Cornerback Tre Watson bidding for time as walk-on with Huskies
After transferring from Central Washington and sitting out last fall, former Kennedy High player Tre Watson is working his way up the depth chart.
Seattle Times staff reporter
Washington cornerback Tre Watson took the long way home.
And while he seems on the way to proving that the journey might have been unnecessary, he says he doesn't regret it.
Watson, a walk-on junior for the Huskies called by coach Steve Sarkisian one of the breakout players of the spring, is a graduate of Kennedy High who had few offers after his senior season in 2008.
So he attended West Hills College in Coalinga, Calif., before transferring to Central Washington, where he started in 2010.
Watson was on the move again, taking a stab at his dream by transferring to UW as a walk-on.
"I had a good experience at Central," he said. "It was just me wanting to see what my opportunity was to play at the next level."
And there was never a doubt where he would take that shot.
"I knew I wanted to come back to UW," he said. "This was home. I grew up here. This is where I wanted to play."
Watson sat out last year as a transfer (using his redshirt season), but even on the scout team he opened eyes with his consistent playmaking ability. He has continued that play this spring, working his way into the team's rotation at cornerback. Senior Desmond Trufant appears entrenched as one starter and junior Greg Ducre and redshirt freshman Marcus Peters are also competing for a starting role. Watson, though, has done enough this spring to merit playing time, Sarkisian said Wednesday.
"Last season as a scout-team player, he had the same type of playmaking ability, but you never know (for sure)," he said. "Sometimes it's easier on the scout team (when) there's no consequences for getting beat deep — it's practice ... you can get that mentality. But he's carried that over ... he's had a great offseason.
"He's worked extremely hard and he's been like a sponge in understanding the defense. You're seeing his versatility; he does it in the slot, he does it outside when he's outside, he does it when he's pressuring — he just has a nice feel for the game. In turn, he's playing with a great deal of confidence right now, which is allowing him to make plays."
Some players might hear those words and feel some vindication for being overlooked. Sarkisian admits that UW thought about offering Watson for the Class of 2009 (Sarkisian arrived in December 2008) but that "we ended up not going on him."
Watson says his journey back to Seattle makes sense.
"I needed to go that route just for me personally to transition and grow up and be able to be in this moment," he said.
Watson was a Seattle Times all-state pick as a senior in 2008 as a running back, scoring 35 touchdowns for Kennedy, where he also played defensive back alongside Nolan Washington, now at Washington State and whom Watson said is "my best friend."
Watson said the Cougars, Idaho State and Montana State recruited him.
"It was more so a lot of talk and then at the last minute offers being pulled off the table," he said. "But I feel like everything happens for a reason and eventually I got here."
After deciding to leave Central, he approached UW coaches about becoming a Husky.
"I think he realized that maybe he was a better player than people gave him credit for," Sarkisian said.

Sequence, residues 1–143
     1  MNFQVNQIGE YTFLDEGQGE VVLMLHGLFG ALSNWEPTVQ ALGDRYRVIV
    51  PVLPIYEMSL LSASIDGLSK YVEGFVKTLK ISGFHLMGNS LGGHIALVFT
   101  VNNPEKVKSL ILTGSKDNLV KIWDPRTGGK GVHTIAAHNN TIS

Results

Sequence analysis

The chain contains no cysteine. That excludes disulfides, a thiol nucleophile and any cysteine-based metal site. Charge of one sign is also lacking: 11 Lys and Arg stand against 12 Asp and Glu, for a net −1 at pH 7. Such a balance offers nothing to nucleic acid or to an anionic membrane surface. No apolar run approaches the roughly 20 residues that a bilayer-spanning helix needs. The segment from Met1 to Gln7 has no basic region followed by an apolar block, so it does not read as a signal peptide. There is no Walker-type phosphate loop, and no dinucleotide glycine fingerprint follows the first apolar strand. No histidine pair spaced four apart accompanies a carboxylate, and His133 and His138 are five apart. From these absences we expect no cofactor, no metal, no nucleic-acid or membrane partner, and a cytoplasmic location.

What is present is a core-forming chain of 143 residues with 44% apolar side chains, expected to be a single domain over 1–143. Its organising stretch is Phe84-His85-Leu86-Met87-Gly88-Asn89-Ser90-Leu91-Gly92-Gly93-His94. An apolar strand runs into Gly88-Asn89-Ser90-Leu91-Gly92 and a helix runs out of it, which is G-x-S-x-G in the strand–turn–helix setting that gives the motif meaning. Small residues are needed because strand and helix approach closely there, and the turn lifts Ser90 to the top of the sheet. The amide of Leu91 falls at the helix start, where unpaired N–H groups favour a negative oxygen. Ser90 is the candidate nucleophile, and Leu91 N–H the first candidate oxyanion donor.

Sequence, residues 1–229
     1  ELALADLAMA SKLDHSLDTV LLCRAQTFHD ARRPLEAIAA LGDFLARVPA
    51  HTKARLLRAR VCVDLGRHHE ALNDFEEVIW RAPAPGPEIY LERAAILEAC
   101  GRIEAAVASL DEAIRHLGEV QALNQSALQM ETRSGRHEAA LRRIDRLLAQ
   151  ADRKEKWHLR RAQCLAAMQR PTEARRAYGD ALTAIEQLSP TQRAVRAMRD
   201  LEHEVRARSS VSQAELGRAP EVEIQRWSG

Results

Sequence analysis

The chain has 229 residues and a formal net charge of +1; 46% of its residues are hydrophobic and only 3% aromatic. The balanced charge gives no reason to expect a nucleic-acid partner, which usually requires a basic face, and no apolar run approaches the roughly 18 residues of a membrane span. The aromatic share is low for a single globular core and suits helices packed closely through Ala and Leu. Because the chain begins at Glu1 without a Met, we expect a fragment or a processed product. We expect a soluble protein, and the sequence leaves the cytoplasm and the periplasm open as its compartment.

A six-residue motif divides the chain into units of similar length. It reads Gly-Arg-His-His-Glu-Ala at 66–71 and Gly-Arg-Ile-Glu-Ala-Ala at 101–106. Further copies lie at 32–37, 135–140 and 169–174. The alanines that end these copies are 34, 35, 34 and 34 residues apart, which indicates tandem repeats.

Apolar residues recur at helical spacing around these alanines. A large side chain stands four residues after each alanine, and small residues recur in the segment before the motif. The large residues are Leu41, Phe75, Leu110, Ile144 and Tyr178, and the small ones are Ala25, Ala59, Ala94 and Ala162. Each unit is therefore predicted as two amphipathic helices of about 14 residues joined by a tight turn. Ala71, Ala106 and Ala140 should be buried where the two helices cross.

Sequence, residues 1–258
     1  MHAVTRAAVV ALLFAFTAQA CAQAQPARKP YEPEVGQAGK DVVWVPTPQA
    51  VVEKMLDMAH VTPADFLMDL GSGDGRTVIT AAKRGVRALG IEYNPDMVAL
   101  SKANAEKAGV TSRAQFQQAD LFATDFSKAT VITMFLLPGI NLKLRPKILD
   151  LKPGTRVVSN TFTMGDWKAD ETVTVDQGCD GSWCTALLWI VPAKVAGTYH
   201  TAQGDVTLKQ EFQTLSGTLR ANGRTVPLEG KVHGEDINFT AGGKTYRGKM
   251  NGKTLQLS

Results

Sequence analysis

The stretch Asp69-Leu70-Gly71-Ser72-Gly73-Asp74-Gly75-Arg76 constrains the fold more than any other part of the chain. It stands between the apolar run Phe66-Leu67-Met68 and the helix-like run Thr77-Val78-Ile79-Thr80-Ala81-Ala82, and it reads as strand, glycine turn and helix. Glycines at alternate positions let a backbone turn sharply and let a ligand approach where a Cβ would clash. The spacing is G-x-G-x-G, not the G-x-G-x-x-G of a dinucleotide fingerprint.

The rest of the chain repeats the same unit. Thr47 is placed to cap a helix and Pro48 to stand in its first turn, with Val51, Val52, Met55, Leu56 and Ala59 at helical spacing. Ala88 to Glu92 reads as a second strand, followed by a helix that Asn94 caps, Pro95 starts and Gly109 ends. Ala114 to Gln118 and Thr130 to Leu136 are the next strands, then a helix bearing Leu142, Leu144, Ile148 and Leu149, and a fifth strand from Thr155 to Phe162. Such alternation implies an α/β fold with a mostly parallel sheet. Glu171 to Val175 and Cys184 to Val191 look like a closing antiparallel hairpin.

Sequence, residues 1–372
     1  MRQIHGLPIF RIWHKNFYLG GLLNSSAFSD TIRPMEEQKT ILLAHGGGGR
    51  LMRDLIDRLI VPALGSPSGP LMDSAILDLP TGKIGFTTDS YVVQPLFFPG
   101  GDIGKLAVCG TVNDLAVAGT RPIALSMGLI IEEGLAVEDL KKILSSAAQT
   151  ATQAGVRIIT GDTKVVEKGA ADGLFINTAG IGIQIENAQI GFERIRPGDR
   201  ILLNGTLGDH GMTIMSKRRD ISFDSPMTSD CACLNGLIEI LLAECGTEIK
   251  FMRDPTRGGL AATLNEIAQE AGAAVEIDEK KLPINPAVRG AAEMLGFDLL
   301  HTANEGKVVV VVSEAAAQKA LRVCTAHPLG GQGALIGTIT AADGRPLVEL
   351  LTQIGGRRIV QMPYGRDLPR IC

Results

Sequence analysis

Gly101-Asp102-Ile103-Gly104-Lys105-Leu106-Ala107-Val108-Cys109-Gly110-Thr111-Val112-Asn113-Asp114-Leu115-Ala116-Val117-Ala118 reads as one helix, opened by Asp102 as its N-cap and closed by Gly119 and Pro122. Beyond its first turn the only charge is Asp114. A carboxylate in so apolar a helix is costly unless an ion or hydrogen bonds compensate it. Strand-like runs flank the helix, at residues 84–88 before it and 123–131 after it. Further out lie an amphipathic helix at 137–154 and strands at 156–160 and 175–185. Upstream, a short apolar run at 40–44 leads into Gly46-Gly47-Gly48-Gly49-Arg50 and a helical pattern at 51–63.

Sarkisian said he thinks Watson, listed at 5-foot-10, 180 pounds, has been helped by the changes in the team's defensive schemes, which will call for more one-on-one coverage.
"I think the style of play in which our defense plays and our coverage and our matching of routes and things really fits to Tre's style," Sarkisian said. "He's a heady football player, he understands things that are coming — he reads routes, he reads splits. And he believes in himself in that when he knows, he goes. And that's allowed him to make quite a few plays this spring ball because he's in the right place, he's using the right technique and he's got the right sense about him to go make plays, and it's been showing up almost daily here in spring ball."
For now, Watson remains a walk-on. He said he's not worried about whether a scholarship will come.
He just wants that first moment on the field.
"Oh man, just running out in my jersey while I was redshirting — just the atmosphere has been crazy," he said. "So it's going to be exciting."
• Center Drew Schaefer, out for a few practices with a sprained knee, is back and worked in full pads with the No. 1 offense.
That gives the Huskies nine available offensive linemen.
Despite the return of Schaefer and a few other players,
Sarkisian said the Huskies will modify the rules for Saturday's Spring Game, which begins at 1 p.m. at CenturyLink Field and is free.
Instead of splitting the squad into two teams, Sarkisian said the offense will face the defense. The offense will be awarded points in the normal fashion. The defense will get three points for a series stop, five for a turnover and seven for a touchdown.
• The Huskies received a commitment for the Class of 2013 from defensive linemen Jaimie Bryant of Tumwater High. The 6-5, 275-pounder visited a UW practice earlier this month and according to Tumwater coach Sid Otton has long wanted to attend UW. He was getting interest from the likes of Oregon, WSU and Nebraska, as well, but Otton said "he just didn't want to mess around anymore" and gave the word to the Huskies on Wednesday. He is UW's second commit for the Class of 2013 joining Lakes High receiver Sammie Long.
Bob Condotta: 206-515-5699 or email@example.com. On Twitter @bcondotta.